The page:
Toronto Star chairman, John Honderich, is calling out PostMedia CEO, Paul Godfrey, for gagging his papers' editors and forcing them, all 16, to endorse Stephen Harper in the last election.
“Since God made babies, I think (endorsement editorials) were always made that way,” longtime Conservative Godfrey explained later, reacting to the uproar. “If anyone thinks otherwise, I think they were dreaming in Technicolor.”
Really, Mr. Godfrey?
You might want to examine the policies of other newspaper chains that tell an entirely different bedtime story of the so-called “proprietor’s prerogative.”
No one can dispute the tradition of an individual publisher or owner calling the election shots for their local paper. Godfrey did that regularly when he was publisher of the Toronto Sun.
But to dictate the choice across an entire chain – and nation. That is an entirely different tale.
Consider the previous owners of Postmedia papers, the venerable Southam family.
It went to great lengths to emphasize individual publishers in each city were responsible for all editorial content, including election endorsements. “It was even in my letter of engagement,” remembers veteran Southam publisher Clark Davey. “It said what appeared in the (Vancouver) Sun rested on my conscience.”
The reason, of course, was self-evident. What was important or relevant to readers in Vancouver might not be so in Montreal, Ottawa or Windsor.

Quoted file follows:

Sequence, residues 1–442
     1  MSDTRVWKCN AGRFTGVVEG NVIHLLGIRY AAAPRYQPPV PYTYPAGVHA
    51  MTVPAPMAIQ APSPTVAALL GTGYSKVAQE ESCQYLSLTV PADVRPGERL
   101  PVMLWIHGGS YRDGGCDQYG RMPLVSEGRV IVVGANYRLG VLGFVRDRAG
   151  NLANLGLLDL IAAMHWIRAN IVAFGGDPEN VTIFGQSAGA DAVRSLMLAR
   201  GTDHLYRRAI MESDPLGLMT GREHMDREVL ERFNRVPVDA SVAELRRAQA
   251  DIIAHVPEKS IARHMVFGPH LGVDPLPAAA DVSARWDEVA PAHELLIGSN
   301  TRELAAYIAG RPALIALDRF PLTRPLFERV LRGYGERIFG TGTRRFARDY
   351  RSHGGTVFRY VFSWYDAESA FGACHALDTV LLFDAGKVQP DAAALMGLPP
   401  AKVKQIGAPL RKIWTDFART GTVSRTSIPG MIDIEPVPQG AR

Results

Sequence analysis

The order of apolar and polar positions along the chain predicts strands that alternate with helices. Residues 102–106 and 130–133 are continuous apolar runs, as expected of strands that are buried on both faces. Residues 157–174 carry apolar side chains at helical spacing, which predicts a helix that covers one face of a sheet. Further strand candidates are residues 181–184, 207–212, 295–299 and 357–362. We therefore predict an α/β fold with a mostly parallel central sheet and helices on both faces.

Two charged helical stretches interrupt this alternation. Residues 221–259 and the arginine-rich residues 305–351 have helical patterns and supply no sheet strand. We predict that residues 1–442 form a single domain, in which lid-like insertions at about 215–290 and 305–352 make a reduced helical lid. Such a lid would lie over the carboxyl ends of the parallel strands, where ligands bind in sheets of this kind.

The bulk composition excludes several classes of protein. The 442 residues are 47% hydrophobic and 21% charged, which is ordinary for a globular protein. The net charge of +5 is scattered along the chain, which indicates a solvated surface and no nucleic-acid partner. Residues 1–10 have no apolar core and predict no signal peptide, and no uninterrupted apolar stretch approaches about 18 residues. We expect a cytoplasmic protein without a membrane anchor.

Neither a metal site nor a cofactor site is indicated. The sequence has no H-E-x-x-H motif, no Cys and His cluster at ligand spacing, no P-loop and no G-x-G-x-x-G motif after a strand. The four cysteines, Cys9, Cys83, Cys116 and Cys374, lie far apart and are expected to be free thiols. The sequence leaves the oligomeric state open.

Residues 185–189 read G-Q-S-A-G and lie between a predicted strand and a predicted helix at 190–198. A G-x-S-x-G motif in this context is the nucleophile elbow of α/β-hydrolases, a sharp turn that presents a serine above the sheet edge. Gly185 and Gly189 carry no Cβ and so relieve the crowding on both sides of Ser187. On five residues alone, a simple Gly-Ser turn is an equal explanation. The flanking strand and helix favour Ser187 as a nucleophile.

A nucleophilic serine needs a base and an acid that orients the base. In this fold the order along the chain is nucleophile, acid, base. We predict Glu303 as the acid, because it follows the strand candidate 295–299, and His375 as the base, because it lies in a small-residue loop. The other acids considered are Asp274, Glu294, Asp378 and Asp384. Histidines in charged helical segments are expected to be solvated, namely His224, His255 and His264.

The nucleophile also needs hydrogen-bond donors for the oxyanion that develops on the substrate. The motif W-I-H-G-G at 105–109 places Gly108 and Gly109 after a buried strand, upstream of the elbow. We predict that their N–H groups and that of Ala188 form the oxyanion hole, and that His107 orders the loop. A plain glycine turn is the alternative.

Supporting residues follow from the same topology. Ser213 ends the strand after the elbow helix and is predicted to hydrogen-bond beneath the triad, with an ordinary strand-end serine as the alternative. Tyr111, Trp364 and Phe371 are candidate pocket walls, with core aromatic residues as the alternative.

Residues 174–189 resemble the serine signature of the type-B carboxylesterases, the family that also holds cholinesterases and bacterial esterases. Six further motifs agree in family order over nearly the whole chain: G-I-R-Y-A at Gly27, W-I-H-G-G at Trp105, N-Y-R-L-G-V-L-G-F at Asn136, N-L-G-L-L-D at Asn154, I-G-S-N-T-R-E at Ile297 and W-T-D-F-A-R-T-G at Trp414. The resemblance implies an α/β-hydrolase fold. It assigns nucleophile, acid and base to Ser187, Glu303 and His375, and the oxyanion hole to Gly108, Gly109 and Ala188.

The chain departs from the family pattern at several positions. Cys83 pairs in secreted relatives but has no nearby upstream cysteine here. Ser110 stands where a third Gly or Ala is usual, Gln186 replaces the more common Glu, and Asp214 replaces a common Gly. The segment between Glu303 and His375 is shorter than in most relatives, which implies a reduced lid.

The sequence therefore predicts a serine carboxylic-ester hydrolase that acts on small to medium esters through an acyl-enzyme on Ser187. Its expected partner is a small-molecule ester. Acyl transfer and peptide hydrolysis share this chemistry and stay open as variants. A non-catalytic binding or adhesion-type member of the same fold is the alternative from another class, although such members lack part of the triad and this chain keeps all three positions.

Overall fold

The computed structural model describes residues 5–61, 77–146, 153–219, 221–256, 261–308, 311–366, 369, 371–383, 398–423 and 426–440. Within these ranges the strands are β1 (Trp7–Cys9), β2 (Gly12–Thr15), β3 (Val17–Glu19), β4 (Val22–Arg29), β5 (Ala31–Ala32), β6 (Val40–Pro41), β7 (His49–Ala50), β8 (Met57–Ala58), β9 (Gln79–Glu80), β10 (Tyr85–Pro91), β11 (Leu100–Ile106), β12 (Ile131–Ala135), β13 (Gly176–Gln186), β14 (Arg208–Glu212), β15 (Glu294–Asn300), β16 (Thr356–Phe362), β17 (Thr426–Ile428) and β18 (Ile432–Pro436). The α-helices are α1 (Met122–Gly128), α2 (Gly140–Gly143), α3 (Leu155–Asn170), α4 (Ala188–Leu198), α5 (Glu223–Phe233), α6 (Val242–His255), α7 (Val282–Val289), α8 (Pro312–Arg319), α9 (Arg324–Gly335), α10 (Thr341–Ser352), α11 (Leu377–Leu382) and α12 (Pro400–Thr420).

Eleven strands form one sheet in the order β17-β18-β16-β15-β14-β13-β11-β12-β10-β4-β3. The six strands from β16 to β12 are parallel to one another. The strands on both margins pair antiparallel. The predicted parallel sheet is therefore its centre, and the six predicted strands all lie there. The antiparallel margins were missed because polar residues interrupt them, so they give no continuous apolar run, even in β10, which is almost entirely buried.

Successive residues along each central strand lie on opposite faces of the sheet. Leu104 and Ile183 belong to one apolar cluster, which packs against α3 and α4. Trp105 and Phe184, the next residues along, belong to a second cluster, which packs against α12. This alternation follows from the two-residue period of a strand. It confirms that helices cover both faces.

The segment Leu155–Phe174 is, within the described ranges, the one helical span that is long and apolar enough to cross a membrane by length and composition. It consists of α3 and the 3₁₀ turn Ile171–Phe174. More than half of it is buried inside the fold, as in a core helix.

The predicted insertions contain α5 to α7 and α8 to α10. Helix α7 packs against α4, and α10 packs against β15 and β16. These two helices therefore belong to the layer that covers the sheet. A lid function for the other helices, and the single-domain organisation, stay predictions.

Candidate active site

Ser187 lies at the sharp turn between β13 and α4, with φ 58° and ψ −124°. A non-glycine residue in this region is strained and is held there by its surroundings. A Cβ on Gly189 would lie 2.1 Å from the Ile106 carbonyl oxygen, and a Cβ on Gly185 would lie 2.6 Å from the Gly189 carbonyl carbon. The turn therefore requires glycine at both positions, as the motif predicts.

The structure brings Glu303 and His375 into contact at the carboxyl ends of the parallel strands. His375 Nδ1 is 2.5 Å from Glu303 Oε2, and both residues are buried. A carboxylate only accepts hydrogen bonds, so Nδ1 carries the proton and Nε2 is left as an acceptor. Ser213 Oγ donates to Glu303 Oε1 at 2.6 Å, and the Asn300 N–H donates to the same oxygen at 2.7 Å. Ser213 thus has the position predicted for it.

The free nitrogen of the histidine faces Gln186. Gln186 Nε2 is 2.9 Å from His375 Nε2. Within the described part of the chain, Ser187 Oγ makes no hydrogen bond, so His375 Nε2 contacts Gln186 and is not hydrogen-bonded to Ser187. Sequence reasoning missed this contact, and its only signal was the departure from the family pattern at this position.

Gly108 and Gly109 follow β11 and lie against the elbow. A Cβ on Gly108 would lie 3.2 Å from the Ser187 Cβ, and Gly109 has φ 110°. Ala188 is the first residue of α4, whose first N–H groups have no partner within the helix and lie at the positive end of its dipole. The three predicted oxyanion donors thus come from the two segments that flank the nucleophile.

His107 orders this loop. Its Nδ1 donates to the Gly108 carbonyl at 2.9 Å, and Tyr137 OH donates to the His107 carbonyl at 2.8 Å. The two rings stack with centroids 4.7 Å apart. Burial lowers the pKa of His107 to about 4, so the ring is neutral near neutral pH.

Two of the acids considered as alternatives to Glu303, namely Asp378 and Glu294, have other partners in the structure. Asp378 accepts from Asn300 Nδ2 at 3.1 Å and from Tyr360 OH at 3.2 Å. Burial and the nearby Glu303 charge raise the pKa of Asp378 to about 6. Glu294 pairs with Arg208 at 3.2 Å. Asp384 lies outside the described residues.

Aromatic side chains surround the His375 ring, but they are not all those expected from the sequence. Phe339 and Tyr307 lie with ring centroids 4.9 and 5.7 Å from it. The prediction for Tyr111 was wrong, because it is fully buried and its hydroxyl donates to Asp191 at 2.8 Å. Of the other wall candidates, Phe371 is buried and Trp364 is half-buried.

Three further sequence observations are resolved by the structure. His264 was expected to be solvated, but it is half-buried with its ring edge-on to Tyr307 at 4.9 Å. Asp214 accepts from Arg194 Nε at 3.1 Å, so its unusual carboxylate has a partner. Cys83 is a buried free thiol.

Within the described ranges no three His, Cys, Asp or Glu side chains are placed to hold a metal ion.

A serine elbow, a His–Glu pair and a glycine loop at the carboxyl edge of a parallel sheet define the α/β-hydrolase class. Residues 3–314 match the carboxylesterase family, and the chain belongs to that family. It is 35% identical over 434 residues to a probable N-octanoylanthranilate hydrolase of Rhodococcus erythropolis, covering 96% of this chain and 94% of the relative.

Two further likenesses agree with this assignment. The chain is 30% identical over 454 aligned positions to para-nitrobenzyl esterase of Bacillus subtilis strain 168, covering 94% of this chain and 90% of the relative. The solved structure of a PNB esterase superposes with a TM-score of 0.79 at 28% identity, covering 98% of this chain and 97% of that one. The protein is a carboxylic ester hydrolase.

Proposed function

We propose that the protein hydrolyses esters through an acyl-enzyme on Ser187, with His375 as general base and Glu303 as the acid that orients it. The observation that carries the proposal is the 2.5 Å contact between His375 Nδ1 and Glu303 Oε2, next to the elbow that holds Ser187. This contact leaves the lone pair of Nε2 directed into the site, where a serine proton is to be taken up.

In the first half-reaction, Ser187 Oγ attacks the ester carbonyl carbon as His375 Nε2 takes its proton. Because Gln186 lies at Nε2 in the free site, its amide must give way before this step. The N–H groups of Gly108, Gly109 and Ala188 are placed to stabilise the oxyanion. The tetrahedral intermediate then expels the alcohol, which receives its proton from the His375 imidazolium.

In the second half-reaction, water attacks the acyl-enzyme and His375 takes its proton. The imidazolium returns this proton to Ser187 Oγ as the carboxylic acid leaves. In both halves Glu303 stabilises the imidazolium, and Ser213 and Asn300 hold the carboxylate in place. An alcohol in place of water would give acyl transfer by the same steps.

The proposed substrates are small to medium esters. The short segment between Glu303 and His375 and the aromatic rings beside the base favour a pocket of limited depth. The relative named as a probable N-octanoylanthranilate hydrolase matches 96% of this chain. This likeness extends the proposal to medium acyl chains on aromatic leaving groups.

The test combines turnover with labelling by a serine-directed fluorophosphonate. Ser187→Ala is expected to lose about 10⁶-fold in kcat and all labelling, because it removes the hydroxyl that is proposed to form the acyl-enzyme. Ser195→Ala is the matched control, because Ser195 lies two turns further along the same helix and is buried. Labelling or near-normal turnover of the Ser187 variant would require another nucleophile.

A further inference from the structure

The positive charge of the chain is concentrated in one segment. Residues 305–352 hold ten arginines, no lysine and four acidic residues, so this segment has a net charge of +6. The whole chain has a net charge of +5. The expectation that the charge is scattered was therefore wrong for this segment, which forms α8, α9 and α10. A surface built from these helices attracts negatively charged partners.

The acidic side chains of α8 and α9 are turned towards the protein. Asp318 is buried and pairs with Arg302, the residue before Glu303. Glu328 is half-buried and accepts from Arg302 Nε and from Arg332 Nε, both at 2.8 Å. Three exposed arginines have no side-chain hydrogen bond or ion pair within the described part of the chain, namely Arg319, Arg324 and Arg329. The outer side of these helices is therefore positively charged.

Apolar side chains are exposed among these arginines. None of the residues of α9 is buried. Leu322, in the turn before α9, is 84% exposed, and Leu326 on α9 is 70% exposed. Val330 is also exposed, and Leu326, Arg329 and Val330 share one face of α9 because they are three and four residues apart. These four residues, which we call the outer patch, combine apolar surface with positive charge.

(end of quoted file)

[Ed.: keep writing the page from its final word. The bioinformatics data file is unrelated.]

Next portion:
Owning a newspaper, in my view, is a privilege not a right. Nor is it the same as owning a pizzeria or car wash. Newspapers are an essential informing part of the democratic process and their first responsibility must be to the local readers they serve.
The old Thomson chain in Canada, owned by the richest family in the land, had a similar practice of non-interference in local editorial issues.
South of the border a similar tradition has existed for decades. In the last presidential election, America was a patchwork quilt of competing newspaper endorsements.
The huge Gannett chain states that “diversity is strength. By encouraging and expressing a mix of opinions, backgrounds, stories and ideas, Gannett improves results.”
An executive for the large Knight-Ridder chain put it more pithily. “We bought them (newspapers). But we don’t own them.”
We can only hope that The Guardian is right and PostMedia is on a one way path to the graveyard. When it comes to PostMedia and its newly acquired Sun chain, Canada can do without quite nicely.